Source: Clarkson W. Weesner, History of Wabash County Indiana (1914), Vol. II, pp. 487-489.

SOLOMON SIGNS AND LEWIS SIGNS. There are many older residents of Wabash county who well recall the industrious citizen and kindly friend and neighbor, Solomon Signs, who came to Wabash county and settled on a farm in Pleasant township in 1848. When he was finally called from the scenes of earth he had reached the venerable age of eighty-four years, and in that time had watched the growth of the village of North Manchester for many years, and had always taken his share of community responsibility. The generation following him, his son Lewis Signs, has for many years been closely identified with commercial affairs of North Manchester, and is now well known as secretary and general manager of the Eel River Telephone Company. The late Solomon Signs was a native of the State of Pennsylvania, born in March, 1810. His boyhood days were spent at home assisting his father and in attending the district schools. When quite young in years he started out to earn his own way, and practically his entire career was devoted to farming and stock raising. He lived for a number of years in Ohio, where he married Miss Mary Ann Lawrence of that state. Their family of children are named as follows: David, deceased; Catherine, deceased; Peter; Mahlon, deceased; Wesley; Franklin, deceased; Lewis; Eudocia; and Myron, deceased. it was in the year 1848 that the family joined the pioneers of Wabash county, where the name has been prominently identified with public and private affairs of importance ever since. Solomon Signs established his home in Pleasant township, buying eighty acres of land, and later moving to a farm between Wabash and Roann. In the course of his active farming life he made one other change, when he bought a quarter section of land on the Wabash road, near North Manchester, and there continued his successful supervision of farm and stock until ready to retire from active cares of life. His death occurred in 1894, and his place thus left vacant is such as was filled by a good man and valuable citizen. His wife had preceded him in death, passing away in 1878. Both are buried in Roann. Although a republican in politics, Solomon Signs never held office, preferring to confine his attention to the inconspicuous duties which come to every man in private life, and give him full opportunity for unselfish deeds.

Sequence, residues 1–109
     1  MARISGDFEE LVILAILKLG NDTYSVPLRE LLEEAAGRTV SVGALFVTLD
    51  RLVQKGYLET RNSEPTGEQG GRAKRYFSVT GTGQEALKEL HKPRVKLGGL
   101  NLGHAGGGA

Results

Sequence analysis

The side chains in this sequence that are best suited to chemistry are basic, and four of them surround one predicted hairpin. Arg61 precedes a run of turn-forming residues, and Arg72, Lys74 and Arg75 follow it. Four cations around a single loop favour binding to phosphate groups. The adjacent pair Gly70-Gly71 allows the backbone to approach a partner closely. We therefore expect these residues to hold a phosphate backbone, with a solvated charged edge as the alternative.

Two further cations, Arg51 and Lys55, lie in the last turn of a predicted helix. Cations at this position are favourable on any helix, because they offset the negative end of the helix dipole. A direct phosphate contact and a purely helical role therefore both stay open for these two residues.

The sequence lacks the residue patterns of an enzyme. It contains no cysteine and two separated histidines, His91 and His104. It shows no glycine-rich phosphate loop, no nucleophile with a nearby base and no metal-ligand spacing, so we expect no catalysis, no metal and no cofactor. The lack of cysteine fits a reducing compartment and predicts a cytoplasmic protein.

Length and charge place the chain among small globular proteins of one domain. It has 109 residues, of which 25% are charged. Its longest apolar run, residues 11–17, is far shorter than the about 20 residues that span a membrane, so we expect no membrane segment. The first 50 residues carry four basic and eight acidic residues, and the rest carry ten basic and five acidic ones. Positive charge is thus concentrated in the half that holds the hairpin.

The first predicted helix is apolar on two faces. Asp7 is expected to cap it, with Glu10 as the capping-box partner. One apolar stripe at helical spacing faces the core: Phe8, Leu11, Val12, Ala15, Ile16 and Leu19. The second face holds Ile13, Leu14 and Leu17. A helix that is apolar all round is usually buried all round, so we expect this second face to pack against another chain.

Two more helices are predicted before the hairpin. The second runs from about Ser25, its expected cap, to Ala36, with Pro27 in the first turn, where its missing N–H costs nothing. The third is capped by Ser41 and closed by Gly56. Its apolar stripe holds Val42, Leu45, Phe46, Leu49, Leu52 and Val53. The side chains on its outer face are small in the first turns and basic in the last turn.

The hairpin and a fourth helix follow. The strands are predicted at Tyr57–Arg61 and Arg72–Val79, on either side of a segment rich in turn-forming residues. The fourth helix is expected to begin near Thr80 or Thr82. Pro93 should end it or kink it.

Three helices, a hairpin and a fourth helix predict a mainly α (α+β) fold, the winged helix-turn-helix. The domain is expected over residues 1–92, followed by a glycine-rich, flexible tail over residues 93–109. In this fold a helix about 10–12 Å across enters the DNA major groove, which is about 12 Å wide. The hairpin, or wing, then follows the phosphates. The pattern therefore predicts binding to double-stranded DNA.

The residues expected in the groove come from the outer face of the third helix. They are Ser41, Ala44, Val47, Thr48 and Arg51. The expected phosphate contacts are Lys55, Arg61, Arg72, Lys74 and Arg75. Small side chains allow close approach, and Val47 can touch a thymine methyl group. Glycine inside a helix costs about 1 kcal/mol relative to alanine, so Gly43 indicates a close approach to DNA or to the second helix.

Lewis Signs, son of Solomon and Mary Ann (Lawrence) Signs, was born in Wayne county, Ohio, December 2, 1846. He was thus only two years of age when the family moved to Wabash county, and all his conscious years of youth and boyhood were spent in Pleasant township, where he attended the public schools, such as were maintained there during the fifties and early sixties, and was also a student of the high school at Silver Lake. His employment outside of school hours was furnished in abundance at the home farm, and having shown considerable aptitude as a student he spent the winter months of 1865-66-67-68 in teaching in Pleasant township and Steward township of Kosciusko county. In 1867 Mr. Signs identified himself with the little community of North Manchester. The first twelve years were spent as clerk in the general store of George Lawrence. Then for the succeeding twenty years he was a partner in the business. Having given a long and faithful service in merchandising annals to the people of that community for a period of thirty-one years, he disposed of his interests, and in 1898 entered upon his public duties as postmaster of the village. He resigned that office at the end of three years in order to accept the place of secretary and general manager for the Eel River Telephone Company. Under his energetic management this company has vastly increased and improved its service, and now furnishes the best of telephone facilities to a large and ever increasing patronage about North Manchester. Another business relation which did him great credit personally and is gratefully remembered by the people of this community, was his appointment as trustee in bankruptcy by the Creditors of the Bank of North Manchester, when it closed its doors in 1894. Due to his careful handling of the tangled skein of that business, all depositors were given a settlement of about eighty-five cents on the dollar.

As a republican in politics Mr. Signs has always taken an active interest in public affairs, but has thus far steadfastly refused any official honors. In 1876 he married Miss Maria Simpson, a daughter of Richard Simpson, of Wabash county. Their three children died unnamed in infancy. Mr. Signs is affiliated with the Masonic fraternity, having his membership in the lodge at North Manchester.